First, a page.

What happens when workers demand fair compensation for the value their labor creates? In one little corner of the media universe, this is a practical question and it’s being slowly answered, mostly behind closed doors, as SB Nation team-site workers—more than 70 across two lawsuits—sue Vox Media over what they say are unfair labor practices. The resulting court documents contain all sorts of interesting information: Glimpses of how the brass that runs a billion-dollar media operation sees their workers; indications of how they plan to approach the lawsuits; and figures that suggest just how much money might really be at stake.
Here’s an example: SB Nation’s team brands director, John Ness, and Vox Media’s senior manager of accounting operations, James Naylor, estimate that the alleged unpaid minimum wages owed to SB Nation team-site workers in the state of California over four years (2014-2018) amount to $1,303,900, according to court documents filed by Vox Media lawyers in a class action Fair Labor Standards Act (FLSA) lawsuit that was filed against Vox Media in September 2018.
The documents were filed as part of Vox Media’s successful argument to have the class action lawsuit removed from California state court to federal court. A controversial corporation-friendly Bush-era law called the Class Action Fairness Act says that if a class is more than 100 people and if the “alleged amount of money in controversy” is more than $5 million, then the case must be heard in federal court. Corporations generally favor having class action lawsuits go to federal court for various reasons, including that standards for class certification vary by state and, in some states, the standard for certification may be lower for plaintiffs than in federal court. (A class needs to be certified by a judge for a class action lawsuit to proceed.) So, the lawyerly thinking goes, Vox Media may have a better chance at winning the case in federal court than in state court. Given this, Vox Media lawyers entered documents that estimate that the potential class of plaintiffs in California is 258 and that the alleged amount of money at controversy is $6.3 million, which includes the $1,303,900 in alleged unpaid minimum wages as well as damages and attorney fees. Vox Media’s argument convinced a judge presiding over the case in state court, and so now it has been moved to federal court.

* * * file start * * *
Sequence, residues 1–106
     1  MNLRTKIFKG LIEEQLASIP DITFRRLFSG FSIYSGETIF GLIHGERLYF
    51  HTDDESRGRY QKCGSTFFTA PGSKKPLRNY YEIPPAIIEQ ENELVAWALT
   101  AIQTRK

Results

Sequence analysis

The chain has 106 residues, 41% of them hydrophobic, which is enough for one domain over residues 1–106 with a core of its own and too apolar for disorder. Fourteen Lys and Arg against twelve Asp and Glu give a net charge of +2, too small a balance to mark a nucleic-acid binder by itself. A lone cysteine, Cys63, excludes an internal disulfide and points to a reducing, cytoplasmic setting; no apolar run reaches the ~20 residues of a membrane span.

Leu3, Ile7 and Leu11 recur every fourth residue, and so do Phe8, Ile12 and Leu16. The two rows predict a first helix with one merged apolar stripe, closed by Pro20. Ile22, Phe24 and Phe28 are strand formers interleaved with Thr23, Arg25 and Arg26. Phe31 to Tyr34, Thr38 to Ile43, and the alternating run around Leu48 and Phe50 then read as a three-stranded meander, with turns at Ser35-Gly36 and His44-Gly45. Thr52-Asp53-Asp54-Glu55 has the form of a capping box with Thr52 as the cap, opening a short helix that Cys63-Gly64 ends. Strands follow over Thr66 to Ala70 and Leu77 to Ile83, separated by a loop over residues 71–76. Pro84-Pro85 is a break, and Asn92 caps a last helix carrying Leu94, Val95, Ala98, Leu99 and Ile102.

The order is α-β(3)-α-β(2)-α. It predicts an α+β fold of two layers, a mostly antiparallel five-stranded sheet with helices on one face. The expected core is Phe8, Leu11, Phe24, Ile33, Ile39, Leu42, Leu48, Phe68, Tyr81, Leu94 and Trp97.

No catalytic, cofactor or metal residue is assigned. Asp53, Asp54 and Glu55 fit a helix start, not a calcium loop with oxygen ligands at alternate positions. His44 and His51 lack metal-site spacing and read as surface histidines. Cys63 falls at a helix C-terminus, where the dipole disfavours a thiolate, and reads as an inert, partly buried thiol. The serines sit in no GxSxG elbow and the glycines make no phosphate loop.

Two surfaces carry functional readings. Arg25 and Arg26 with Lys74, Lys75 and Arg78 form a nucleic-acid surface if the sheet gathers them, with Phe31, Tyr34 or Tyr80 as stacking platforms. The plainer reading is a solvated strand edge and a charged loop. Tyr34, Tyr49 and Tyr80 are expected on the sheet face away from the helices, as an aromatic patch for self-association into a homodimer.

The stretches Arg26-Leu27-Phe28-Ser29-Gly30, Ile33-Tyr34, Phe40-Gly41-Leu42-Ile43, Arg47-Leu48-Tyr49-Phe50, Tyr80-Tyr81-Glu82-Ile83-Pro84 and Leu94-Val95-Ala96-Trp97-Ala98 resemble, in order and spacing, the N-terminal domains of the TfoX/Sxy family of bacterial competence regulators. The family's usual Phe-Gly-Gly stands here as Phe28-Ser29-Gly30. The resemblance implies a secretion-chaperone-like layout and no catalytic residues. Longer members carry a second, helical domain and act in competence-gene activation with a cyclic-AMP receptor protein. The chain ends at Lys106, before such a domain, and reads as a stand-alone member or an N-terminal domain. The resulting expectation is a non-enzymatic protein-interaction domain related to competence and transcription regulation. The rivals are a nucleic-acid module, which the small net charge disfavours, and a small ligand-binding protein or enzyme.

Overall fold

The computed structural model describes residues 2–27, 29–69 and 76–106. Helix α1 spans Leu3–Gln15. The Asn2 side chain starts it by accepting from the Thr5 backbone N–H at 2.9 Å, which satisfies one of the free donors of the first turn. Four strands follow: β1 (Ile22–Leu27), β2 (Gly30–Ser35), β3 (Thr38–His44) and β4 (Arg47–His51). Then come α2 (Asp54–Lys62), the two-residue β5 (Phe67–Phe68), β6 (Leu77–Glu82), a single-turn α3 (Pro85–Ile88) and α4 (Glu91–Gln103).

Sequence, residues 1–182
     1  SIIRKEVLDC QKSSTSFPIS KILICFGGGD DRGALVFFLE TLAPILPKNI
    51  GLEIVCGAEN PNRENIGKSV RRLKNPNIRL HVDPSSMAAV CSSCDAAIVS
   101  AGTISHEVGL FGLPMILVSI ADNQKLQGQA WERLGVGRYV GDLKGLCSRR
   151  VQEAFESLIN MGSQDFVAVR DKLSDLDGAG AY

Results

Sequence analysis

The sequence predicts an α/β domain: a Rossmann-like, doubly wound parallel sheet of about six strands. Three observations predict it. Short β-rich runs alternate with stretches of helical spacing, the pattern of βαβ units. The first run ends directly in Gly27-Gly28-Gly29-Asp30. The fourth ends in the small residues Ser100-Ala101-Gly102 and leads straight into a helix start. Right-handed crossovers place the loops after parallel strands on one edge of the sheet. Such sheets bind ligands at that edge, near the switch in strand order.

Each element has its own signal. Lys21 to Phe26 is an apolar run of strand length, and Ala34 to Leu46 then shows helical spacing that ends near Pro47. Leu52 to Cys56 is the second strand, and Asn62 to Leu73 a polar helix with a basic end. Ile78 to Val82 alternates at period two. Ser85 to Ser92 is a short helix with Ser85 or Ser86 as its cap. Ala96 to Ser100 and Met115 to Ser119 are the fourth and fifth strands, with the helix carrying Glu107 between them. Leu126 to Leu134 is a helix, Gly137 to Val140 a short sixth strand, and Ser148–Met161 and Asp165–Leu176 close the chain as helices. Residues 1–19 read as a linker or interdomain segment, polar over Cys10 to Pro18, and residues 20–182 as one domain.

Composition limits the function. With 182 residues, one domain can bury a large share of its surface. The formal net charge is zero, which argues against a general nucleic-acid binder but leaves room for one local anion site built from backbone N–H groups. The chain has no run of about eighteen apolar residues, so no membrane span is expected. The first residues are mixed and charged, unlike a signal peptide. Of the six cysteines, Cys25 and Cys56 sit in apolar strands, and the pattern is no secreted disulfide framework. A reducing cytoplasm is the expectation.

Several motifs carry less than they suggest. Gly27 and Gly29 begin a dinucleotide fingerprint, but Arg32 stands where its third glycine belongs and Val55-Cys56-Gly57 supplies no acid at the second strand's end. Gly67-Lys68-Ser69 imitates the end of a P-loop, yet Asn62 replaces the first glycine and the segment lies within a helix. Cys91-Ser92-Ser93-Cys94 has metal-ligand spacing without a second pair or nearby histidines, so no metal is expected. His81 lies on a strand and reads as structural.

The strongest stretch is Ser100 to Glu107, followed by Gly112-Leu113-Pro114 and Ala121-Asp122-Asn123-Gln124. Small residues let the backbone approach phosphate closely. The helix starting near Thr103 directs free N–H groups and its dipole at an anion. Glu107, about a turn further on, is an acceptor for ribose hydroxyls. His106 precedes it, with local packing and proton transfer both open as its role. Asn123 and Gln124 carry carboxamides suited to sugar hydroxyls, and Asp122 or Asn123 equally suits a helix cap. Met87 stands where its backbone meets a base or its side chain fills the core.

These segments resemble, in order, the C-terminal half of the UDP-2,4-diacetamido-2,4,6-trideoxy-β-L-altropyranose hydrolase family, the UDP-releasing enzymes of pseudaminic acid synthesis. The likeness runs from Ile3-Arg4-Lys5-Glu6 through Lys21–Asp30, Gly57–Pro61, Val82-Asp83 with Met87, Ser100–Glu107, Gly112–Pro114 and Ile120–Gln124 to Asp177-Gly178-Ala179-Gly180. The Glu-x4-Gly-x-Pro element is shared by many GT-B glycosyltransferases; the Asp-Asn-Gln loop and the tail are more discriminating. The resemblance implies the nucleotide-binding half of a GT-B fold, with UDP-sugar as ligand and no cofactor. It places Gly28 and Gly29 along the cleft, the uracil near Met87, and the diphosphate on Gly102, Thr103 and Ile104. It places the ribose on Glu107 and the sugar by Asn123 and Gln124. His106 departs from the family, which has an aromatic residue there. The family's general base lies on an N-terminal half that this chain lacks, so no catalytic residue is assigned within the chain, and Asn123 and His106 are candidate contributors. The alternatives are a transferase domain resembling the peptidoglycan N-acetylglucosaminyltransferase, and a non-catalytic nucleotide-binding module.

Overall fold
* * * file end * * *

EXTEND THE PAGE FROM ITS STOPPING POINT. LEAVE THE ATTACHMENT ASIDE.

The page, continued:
According to Naylor’s declaration, the average monthly stipend for the 258 SB Nation “content contributors” in California was $320 a month. Naylor’s declaration also included a spreadsheet that lists the 258 team-site workers, though not by name. One unidentified English Premier League team-site manager who worked for SB Nation for four years could, according to the spreadsheet, be owed $38,190; a team-site manager for a college site who worked for SB Nation for four years could be owed $53,526.37. Some of the workers listed are allegedly owed just a few hundred dollars, but more than 30 people are estimated to be owed sums in the five figures. (The full declaration and spreadsheet are embedded below.)
Ness’s declaration, filed at the same time as Naylor’s, primarily deals with estimating the number of hours of work that would go into performing each SB Nation position, which is necessary for calculating how much they might have been underpaid. For example, this is what he said about the role of site manager: